de Lange P, Ragni M, Silvestri E, Moreno M, Schiavo L, Lombardi A, Farina P, Feola A, Goglia F, Lanni A.

Dipartimento di Scienze della Vita, Seconda Universita degli Studi di Napoli (SUN), Caserta, Italy.pieter.delange@unina2.it

We evaluated the effects of fasting on the gene expression profile in rat gastrocnemius muscle using a combined cDNA array and RT-PCR approach. Of the 1176 distinct rat genes analyzed on the cDNA array, 114 were up-regulated more than twofold in response to fasting, including all 17 genes related to lipid metabolism present on the membranes and all 10 analyzed components of the proteasome machinery. Only 7 genes were down-regulated more than twofold. On the basis of our analysis of genes on the cDNA array plus the data from our RT-PCR assays, the metabolic adaptations shown by rat gastrocnemius muscle during fasting are reflected by i) increased transcription both of myosin heavy chain (MHC) Ib (associated with type I fibers) and of at least three factors involved in the shift toward type I fibers [p27kip1, muscle LIM protein (MLP), cystein rich protein-2], of which one (MLP) has been shown to enhance the activity of MyoD, which would explain the known increase in the expression of skeletal muscle uncoupling protein-3 (UCP3); ii) increased lipoprotein lipase (LPL) expression, known to trigger UCP3 transcription, which tends, together with the first point, to underline the suggested role of UCP3 in mitochondrial lipid handling (the variations under the first point and this one have not been observed in mice, indicating a species-specific regulation of these mechanisms); iii) reduced expression of the muscle-specific coenzyme Q (CoQ)7 gene, which is necessary for mitochondrial CoQ synthesis, together with an increased expression of mitochondrial adenylate kinase 3, which inactivates the resident key enzyme for CoQ synthesis, 3-hydroxy-3-methylglutaryl CoA reductase (HMGR), the mRNA level for which fell during fasting; and iv) increased transcription of components of the proteasomal pathways involved in protein degradation/turnover.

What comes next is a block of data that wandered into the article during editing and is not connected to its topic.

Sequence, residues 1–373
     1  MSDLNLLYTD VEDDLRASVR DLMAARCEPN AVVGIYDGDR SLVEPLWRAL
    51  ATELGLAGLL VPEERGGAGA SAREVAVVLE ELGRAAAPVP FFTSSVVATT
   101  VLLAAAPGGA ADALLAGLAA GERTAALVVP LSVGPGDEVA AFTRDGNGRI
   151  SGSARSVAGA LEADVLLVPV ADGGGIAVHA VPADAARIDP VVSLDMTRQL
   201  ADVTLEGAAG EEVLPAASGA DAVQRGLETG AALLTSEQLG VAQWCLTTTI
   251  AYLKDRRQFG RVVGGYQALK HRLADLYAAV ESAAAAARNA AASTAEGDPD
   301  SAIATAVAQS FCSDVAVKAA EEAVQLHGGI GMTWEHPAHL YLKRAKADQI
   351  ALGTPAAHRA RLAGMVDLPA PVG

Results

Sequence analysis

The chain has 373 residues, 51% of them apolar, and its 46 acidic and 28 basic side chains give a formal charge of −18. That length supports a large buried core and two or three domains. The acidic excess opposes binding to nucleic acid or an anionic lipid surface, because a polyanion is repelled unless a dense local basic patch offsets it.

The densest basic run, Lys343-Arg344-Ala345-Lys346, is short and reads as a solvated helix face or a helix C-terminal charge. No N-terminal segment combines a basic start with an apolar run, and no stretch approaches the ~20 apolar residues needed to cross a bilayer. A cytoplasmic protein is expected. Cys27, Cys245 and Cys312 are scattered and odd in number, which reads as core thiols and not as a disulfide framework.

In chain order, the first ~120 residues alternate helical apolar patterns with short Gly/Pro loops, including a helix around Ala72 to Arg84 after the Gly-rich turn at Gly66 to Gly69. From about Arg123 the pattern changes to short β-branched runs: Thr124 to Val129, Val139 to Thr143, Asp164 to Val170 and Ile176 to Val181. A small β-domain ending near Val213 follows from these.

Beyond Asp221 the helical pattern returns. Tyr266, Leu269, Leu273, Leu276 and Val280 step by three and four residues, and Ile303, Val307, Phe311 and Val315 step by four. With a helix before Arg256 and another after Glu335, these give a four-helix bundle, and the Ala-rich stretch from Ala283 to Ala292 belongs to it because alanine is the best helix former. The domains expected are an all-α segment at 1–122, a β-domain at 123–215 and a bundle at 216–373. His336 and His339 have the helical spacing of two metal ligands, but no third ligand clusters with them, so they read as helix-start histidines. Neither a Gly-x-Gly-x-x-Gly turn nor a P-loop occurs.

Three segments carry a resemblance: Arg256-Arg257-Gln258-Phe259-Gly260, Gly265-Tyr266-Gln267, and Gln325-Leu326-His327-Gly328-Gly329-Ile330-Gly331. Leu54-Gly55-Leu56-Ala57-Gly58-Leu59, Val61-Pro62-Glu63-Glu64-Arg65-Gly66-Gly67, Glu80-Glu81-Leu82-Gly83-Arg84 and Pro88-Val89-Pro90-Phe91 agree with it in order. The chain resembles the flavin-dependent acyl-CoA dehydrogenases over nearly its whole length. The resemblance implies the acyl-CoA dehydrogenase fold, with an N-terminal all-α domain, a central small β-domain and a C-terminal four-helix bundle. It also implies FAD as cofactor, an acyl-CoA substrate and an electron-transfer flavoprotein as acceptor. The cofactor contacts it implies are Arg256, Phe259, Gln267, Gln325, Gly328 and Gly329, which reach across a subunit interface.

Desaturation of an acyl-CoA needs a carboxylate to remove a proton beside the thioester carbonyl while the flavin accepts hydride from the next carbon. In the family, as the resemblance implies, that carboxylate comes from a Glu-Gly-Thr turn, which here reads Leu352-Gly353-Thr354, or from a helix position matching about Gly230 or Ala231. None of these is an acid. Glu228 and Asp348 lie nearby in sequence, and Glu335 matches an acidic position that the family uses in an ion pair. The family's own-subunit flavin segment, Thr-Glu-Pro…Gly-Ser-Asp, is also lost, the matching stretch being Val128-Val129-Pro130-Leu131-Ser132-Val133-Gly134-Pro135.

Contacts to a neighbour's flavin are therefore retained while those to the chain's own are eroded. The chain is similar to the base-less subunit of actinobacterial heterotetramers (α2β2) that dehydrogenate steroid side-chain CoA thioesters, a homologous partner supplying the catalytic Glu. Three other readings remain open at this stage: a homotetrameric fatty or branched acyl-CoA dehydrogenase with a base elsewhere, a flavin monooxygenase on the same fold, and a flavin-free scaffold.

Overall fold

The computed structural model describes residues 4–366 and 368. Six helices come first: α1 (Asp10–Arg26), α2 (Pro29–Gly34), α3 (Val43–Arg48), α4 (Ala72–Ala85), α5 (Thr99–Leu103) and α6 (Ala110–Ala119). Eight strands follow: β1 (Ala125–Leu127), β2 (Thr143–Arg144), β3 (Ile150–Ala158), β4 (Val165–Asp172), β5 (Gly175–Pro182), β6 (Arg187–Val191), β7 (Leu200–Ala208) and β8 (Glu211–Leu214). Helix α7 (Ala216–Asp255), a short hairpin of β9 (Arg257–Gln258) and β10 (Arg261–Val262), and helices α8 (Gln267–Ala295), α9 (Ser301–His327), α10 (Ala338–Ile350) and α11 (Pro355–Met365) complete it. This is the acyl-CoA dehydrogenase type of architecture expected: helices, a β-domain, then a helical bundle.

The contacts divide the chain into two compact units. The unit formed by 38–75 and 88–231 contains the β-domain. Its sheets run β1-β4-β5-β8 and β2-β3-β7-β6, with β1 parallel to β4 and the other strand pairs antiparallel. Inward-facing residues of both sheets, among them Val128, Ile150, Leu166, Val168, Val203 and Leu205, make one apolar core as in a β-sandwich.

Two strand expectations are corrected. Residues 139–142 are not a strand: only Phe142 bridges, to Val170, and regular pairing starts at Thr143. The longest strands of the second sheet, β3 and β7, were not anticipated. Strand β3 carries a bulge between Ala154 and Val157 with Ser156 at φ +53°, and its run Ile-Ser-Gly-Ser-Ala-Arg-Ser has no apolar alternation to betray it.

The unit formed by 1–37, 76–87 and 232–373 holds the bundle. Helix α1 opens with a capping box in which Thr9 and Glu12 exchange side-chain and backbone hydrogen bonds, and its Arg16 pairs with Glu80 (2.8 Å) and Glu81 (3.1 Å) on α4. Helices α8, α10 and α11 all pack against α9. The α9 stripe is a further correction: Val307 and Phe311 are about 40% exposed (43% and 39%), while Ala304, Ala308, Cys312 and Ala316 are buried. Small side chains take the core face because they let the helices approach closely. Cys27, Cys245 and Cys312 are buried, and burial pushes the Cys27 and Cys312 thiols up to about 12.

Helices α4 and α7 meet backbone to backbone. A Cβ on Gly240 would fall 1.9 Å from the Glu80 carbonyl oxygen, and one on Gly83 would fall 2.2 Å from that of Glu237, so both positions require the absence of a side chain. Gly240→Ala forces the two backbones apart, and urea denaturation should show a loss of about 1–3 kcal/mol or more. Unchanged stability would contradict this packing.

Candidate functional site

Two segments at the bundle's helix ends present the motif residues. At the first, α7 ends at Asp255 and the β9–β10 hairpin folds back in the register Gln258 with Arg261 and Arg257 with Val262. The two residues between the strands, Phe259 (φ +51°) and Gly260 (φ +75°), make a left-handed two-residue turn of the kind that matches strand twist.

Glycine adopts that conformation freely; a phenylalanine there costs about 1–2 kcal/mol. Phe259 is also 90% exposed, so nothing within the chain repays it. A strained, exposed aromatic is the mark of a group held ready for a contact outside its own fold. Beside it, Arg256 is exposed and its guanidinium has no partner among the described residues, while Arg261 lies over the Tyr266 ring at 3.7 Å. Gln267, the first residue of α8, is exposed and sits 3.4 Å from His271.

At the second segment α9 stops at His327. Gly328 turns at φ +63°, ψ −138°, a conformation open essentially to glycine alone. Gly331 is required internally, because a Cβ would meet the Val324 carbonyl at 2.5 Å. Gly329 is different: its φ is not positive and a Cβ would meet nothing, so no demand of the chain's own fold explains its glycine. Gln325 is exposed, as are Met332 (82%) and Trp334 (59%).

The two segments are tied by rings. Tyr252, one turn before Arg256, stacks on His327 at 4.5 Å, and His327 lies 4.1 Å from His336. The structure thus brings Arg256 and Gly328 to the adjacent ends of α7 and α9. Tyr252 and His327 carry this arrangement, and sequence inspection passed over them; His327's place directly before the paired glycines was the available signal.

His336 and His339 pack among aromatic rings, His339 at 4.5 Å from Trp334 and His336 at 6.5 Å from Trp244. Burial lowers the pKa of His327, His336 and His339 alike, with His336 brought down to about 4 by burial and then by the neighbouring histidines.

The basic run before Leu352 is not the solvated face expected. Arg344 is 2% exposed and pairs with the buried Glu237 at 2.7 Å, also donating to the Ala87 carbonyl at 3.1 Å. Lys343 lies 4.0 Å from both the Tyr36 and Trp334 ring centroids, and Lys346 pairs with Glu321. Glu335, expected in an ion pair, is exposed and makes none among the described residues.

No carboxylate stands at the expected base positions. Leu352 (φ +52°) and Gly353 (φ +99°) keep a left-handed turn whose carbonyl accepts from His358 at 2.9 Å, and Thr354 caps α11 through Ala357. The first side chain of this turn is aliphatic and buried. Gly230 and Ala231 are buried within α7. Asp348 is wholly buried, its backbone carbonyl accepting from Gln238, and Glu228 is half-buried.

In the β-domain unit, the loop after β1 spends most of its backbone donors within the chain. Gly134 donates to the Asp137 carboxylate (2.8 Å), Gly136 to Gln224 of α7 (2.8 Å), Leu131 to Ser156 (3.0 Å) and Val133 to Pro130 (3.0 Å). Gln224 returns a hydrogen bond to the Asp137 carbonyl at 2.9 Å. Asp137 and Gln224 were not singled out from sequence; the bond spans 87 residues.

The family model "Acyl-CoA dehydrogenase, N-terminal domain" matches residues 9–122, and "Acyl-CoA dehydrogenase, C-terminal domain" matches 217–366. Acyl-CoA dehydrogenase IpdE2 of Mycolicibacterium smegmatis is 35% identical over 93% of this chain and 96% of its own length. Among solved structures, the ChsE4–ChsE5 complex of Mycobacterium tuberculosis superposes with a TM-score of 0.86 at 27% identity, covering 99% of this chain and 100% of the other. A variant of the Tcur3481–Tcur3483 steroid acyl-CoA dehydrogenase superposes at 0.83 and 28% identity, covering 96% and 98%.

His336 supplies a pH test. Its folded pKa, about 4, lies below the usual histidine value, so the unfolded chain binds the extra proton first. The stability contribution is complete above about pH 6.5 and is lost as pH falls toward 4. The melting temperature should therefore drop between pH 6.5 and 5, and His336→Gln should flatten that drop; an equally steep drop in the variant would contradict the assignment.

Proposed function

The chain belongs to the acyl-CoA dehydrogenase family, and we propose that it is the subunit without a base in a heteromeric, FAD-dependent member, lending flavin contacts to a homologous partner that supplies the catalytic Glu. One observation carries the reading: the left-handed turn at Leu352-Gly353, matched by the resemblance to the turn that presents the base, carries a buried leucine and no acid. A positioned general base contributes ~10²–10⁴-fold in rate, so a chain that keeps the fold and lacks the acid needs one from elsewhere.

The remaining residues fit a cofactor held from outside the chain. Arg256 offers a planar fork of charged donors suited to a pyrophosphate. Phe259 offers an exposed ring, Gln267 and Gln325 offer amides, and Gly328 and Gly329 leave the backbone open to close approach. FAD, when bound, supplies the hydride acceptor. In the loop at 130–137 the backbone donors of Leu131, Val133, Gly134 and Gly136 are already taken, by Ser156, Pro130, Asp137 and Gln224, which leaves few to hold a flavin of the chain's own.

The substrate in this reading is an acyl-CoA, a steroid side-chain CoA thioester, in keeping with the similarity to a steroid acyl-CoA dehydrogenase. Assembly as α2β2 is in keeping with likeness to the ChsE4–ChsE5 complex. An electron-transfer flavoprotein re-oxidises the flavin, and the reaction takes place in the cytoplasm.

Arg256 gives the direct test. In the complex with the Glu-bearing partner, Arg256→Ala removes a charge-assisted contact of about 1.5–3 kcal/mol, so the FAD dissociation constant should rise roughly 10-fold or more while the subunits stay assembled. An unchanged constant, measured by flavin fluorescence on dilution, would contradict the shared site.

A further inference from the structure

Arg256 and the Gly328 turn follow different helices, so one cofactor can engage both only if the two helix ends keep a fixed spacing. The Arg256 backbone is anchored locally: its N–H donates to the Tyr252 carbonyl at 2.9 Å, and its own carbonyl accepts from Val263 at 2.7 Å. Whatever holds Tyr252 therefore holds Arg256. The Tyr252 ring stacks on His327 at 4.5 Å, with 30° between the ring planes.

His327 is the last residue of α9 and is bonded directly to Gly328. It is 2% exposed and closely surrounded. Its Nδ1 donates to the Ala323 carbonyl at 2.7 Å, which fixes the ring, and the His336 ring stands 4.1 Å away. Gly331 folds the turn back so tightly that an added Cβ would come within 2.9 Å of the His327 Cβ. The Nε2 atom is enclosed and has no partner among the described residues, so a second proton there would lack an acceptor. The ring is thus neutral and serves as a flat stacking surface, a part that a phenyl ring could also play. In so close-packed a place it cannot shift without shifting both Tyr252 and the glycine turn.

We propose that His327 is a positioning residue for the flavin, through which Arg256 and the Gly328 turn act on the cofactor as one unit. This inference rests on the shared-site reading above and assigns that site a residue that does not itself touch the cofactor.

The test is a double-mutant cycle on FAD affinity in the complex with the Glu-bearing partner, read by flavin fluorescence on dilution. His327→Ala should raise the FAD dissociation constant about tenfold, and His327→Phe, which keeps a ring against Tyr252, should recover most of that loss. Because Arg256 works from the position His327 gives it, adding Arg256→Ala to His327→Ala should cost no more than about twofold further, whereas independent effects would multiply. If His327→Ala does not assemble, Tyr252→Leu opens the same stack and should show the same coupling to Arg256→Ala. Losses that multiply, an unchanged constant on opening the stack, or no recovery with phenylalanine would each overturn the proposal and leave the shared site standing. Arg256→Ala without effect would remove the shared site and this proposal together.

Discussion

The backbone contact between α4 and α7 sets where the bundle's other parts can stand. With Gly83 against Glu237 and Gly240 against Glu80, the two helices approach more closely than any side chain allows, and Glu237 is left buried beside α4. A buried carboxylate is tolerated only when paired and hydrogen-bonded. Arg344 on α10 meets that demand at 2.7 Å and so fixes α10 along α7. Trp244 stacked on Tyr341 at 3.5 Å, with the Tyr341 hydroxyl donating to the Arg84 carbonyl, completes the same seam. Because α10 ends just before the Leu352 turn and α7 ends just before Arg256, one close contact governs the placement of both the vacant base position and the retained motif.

PMID: 14656997 [PubMed – indexed for MEDLINE]


4: Histol Histopathol. 2003 Apr;18(2):509-17. Related Articles, Links
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Ubiquitinated inclusions and neuronal cell death.

Lang-Rollin I, Rideout H, Stefanis L.

Department of Neurology, Columbia University, New York, NY 10032, USA.

Ubiquitinated inclusions and selective neuronal cell death are considered the pathological hallmarks of Parkinson’s disease and other neurodegenerative diseases. Recent genetic, pathological and biochemical evidence suggests that dysfunction of ubiquitin-dependent protein degradation by the proteasome might be a contributing, if not initiating factor in the pathogenesis of these diseases. In neuronal cell culture models inhibition of the proteasome leads to cell death and formation of fibrillar ubiquitin and alpha-synuclein-positive inclusions, thus modeling some aspects of Lewy body diseases. The processes of inclusion formation and neuronal cell death share some common mechanisms, but can also be dissociated at a certain level.

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PMID: 12647802 [PubMed – indexed for MEDLINE]


5: Proc Natl Acad Sci U S A. 2003 Jan 21;100(2):473-7. Epub 2003 Jan 6. Related Articles, Links
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Atpenins, potent and specific inhibitors of mitochondrial complex II (succinate-ubiquinone oxidoreductase).

Miyadera H, Shiomi K, Ui H, Yamaguchi Y, Masuma R, Tomoda H, Miyoshi H, Osanai A, Kita K, Omura S.